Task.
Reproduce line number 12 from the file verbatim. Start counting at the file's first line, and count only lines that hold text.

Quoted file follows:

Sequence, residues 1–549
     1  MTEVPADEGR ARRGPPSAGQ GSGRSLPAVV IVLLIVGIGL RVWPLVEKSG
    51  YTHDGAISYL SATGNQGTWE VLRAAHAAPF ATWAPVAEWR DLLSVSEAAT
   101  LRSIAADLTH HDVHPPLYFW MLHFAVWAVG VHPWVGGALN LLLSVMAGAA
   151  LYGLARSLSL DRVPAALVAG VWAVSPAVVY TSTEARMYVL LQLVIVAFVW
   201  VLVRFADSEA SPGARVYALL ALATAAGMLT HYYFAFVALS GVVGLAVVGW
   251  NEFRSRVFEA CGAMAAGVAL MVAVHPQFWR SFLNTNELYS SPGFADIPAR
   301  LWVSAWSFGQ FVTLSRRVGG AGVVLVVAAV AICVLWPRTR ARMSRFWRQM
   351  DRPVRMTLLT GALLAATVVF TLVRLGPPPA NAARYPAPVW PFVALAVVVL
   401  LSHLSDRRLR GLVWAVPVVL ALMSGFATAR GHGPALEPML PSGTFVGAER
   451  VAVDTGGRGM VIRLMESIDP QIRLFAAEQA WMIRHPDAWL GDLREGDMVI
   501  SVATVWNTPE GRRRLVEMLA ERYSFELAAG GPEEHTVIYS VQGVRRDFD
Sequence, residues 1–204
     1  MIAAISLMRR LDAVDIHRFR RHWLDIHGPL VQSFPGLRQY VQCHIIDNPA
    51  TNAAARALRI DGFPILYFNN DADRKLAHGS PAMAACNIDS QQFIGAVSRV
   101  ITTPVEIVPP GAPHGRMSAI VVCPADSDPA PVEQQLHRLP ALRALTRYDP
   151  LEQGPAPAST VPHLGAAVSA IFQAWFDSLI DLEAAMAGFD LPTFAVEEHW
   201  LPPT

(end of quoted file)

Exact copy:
   501  SVATVWNTPE GRRRLVEMLA ERYSFELAAG GPEEHTVIYS VQGVRRDFD